Skip to main content

Absorption costing

We have already said that fixed costs and overheads, such as heating and lighting, are not easily apportioned to specific profit/cost centres. These costs arise throughout the firm. However, they must still be paid for and absorption costing, like full costing, seeks to apportion these costs between the profit/cost centres.

Where full costing selects just one criterion as a means of allocation, absorption costing attempts to be more 'scientific' in the allocation, apportioning individual overheads using the most logical criterion.

Common methods of apportionment for a profit/cost centre include:

  • Floor space
  • Number of staff employed
  • Value of machinery
  • Sales revenue
  • Direct labour hours worked

The method chosen should be appropriate to the type of overhead to be apportioned. For example, rent would probably be apportioned to the different cost centres based on the floor space of each cost centre. Whereas, HRM costs may be apportioned according to the number of people employed by each cost centre, since employees are the focus of the HRM department.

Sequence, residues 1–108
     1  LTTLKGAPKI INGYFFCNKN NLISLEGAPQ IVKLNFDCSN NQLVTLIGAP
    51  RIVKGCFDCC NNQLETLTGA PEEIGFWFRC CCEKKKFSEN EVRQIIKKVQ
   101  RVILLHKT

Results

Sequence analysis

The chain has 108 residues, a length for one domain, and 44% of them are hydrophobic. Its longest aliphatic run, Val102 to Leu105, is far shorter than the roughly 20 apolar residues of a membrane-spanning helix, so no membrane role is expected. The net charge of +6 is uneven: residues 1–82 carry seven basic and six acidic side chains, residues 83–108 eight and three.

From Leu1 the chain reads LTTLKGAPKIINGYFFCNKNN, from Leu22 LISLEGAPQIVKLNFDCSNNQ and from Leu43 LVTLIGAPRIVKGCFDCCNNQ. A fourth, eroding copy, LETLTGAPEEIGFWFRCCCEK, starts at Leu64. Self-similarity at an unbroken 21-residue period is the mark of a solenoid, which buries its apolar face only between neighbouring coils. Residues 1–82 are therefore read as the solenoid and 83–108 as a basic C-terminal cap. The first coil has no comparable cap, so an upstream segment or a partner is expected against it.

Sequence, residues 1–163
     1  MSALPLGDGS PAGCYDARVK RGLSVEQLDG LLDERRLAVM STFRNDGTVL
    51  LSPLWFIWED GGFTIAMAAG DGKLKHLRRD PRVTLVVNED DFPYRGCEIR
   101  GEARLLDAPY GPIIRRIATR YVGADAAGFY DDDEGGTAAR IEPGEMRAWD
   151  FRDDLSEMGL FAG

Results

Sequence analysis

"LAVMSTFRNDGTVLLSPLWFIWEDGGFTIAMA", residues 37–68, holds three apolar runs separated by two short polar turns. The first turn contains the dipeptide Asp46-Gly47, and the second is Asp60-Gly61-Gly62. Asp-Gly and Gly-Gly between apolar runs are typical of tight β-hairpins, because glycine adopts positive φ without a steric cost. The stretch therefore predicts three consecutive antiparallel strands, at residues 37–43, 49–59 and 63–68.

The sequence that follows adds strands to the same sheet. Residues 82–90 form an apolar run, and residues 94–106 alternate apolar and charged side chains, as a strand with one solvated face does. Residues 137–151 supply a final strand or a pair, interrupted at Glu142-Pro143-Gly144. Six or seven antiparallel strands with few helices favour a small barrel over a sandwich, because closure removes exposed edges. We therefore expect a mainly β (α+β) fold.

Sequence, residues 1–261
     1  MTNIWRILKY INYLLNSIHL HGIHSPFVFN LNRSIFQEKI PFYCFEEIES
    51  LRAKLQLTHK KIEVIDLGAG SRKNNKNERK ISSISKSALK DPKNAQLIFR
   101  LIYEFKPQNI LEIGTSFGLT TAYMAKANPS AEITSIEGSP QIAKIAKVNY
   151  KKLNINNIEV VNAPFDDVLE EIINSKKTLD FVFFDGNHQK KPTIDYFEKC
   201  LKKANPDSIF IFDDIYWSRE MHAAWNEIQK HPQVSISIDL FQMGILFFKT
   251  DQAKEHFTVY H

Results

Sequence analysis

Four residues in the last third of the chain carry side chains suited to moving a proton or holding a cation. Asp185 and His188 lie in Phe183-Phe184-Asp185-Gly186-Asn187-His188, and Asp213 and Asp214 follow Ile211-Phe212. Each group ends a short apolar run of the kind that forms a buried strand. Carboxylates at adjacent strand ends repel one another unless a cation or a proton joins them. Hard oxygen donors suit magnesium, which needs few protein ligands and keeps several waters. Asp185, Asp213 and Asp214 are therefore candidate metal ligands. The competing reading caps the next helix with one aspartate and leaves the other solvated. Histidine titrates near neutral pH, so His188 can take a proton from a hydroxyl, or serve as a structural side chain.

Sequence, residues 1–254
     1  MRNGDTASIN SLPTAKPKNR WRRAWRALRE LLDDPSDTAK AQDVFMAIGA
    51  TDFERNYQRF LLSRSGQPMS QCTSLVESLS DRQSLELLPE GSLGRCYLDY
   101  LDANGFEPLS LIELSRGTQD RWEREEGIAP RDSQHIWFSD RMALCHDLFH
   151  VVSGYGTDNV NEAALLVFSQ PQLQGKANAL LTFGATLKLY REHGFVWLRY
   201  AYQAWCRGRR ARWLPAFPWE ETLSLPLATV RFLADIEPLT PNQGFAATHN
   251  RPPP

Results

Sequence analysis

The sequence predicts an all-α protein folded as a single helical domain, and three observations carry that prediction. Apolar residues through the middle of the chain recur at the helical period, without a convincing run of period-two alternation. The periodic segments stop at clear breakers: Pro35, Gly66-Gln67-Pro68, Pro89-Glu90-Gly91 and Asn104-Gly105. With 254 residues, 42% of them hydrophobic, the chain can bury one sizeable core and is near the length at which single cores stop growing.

Example 1

The following data is available for Gray Ltd relating to their three cost centres.

Machining Assembly Administration Total
Floor space 50 sq m 30 sq m 20 sq m 100 sq m
No of staff employed 15 25 10 50

The overheads incurred are as follows:

Heating costs 10,000
Canteen expenses 25,000

It would seem appropriate to use the following bases for the apportionment of these overheads:

Apportioned by:
Heating costs Floor space
Canteen expenses No. of staff employed

Have a go at apportioning the overheads for Gray Ltd and then follow the link below to see how you got on.

Example 1 - apportionment of overheads

Evaluation of absorption costing

Absorption costing is more complex than using full costing, but it is fairer in that the allocation of costs mirrors reality more closely, in that the usage of each product is taken into account. As such, the cost per unit of output is likely to be more accurate, and will inform pricing policy if a cost-plus policy is used.

However, the allocation of costs is still arbitrary to some extent and inaccurate. It is likely to be more time-consuming and costly than full costing or contribution costing methods.